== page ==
Claude Louis Marie Henri Navier , born with Dijon the February 10th 1785 and died in Paris the August 21st 1835 is an engineer and scientific French. Mechanical specialist in , it establishes in 1821 and 1822 the Navier-Stokes equations, describing the Mécanique fluids.
BiographyHe becomes orphan at nine years, after the death of his father, former deputy during the Révolution. His/her uncle Emiland Gauthey, engineer of the Body of the Highways Departments deals with his education and pushes it to present itself to the Polytechnic school. Although being among the last receipts in 1802, it succeeds there its schooling and its classification enable him to integrate the Body of the Highways Departments to take the succession of his/her uncle as an general inspector.
He then directs the construction of the bridges of Choisy, Asnières and Argenteuil in the department of the the Seine. In Paris, it builds the footbridge of the island of the City, but cannot conclude its great project of suspended bridge close to the Invalides, the Municipal council of Paris pretexting a compressing of ground to make destroy the bridge.
In 1824, it enters to the Academy of Science. In 1830, he becomes professor with the National school of the Highways Departments, then the following year professor of analysis and mechanics at the Polytechnic school to replace Augustin Louis Cauchy, resigner. It is made chevalier of the Legion of Honor in 1831.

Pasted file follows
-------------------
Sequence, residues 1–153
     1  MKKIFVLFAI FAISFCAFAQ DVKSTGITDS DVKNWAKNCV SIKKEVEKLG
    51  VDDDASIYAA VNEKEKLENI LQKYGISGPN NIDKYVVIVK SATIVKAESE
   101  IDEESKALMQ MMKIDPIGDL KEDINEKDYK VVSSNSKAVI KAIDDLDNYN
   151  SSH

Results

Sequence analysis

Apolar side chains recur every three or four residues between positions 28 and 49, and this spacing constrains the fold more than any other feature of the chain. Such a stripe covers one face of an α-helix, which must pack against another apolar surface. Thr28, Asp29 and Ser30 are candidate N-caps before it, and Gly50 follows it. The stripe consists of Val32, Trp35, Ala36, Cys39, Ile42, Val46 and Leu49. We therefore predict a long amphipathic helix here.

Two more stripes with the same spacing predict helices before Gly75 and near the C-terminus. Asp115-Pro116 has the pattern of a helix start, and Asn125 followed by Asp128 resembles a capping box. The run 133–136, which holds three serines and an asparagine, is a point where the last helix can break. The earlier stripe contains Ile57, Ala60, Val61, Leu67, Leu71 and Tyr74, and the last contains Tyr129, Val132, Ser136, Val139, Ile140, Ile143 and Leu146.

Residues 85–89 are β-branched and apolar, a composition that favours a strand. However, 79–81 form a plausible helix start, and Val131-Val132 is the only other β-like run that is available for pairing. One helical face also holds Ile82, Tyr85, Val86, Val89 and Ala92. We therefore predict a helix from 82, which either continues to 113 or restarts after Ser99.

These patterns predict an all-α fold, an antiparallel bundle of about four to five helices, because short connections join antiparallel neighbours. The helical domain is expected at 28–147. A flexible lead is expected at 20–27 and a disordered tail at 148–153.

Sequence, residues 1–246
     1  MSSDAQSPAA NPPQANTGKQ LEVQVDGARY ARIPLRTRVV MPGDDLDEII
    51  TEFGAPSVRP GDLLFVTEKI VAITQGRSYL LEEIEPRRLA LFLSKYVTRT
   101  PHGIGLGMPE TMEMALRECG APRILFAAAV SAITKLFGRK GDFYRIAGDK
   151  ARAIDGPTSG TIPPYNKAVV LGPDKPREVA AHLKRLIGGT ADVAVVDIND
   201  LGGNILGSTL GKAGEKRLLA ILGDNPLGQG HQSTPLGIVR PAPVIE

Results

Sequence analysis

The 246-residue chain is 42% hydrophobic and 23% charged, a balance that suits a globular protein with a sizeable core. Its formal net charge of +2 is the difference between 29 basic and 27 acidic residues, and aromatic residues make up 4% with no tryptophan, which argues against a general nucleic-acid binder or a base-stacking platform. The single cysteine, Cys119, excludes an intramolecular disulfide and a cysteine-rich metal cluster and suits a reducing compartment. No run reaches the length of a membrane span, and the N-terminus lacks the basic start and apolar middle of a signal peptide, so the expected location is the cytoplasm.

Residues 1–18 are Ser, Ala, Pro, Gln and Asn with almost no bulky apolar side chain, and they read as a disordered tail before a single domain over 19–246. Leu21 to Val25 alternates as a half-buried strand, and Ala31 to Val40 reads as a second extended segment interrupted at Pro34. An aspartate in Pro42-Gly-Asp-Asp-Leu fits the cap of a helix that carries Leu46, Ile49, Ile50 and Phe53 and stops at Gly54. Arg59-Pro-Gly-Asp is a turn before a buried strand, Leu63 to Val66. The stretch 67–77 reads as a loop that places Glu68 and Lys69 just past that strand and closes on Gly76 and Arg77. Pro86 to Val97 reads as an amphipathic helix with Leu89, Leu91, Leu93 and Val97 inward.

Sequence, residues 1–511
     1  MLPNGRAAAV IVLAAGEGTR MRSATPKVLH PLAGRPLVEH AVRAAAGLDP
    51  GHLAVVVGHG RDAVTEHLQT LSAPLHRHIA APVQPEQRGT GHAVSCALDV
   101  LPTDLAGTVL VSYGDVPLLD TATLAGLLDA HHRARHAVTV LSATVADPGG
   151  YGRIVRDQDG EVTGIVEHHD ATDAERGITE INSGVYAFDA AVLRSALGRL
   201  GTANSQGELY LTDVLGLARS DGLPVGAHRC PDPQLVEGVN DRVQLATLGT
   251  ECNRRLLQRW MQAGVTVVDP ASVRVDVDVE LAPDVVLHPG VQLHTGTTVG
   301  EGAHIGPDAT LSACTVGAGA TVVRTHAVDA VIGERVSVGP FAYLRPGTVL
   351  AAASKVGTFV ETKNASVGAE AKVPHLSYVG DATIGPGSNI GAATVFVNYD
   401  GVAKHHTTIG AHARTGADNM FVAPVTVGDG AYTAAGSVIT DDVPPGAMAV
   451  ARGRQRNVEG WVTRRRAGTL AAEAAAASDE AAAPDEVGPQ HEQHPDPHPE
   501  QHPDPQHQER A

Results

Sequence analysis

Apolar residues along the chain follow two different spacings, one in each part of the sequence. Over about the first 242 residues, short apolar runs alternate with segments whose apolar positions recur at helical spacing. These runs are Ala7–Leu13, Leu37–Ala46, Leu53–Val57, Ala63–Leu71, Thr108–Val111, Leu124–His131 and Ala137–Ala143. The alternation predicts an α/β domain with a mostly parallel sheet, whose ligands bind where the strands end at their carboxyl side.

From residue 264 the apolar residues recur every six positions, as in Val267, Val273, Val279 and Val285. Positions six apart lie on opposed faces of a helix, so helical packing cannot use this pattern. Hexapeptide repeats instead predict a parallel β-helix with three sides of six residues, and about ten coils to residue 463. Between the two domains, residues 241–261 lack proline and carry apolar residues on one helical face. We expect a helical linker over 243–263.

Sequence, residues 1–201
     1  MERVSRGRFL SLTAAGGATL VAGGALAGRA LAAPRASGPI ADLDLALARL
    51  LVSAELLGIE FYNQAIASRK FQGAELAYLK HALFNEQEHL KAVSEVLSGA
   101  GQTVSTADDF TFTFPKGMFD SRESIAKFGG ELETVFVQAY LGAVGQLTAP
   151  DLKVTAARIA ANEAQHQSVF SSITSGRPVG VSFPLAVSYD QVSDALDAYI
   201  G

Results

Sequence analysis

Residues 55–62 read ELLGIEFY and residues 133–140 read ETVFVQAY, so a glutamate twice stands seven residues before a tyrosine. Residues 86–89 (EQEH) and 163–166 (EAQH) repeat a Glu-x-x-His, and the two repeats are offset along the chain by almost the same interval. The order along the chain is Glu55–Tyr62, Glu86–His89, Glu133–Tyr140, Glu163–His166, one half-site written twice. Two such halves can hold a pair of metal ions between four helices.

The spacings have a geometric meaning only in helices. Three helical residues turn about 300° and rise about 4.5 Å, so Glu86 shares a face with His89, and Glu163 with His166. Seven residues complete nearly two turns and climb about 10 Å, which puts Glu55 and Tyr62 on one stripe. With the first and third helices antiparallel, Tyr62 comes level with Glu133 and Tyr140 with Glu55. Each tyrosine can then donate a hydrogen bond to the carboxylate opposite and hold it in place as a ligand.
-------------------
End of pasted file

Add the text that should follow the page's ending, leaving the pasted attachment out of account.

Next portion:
Principal workHenri Navier is at the origin of the general theory of the elasticity in 1821. One owes him several memories on the ship canals (1816). He is also a specialist in the Railroad, after several stays of study in England.
Its approach of teacher testifies to a preoccupation with a physical justification of the empirical laws which prevailed then in the engineerings. Thus, he is the author of a treaty on the suspended bridges (1832), where he develops the laws governing the balance of the elastic solids. He also works on the practical applications of the series S introduced by Joseph Fourier, his former professor.
Its major contribution remains however the Navier-Stokes equations, equations central of the Mécanique of the fluids. In the complex problems, their resolution requires powerful computers, in particular in aeronautics, in sciences of the atmosphere and in oceanography. The computer “Navier-Stokes Computer” developped at the point by the University Princeton and Concurrent Corp Computer. is currently used by NASA to study a project of supersonic aircraft.
HomagesIts name is registered on the Eiffel Tower.
- Biographical note
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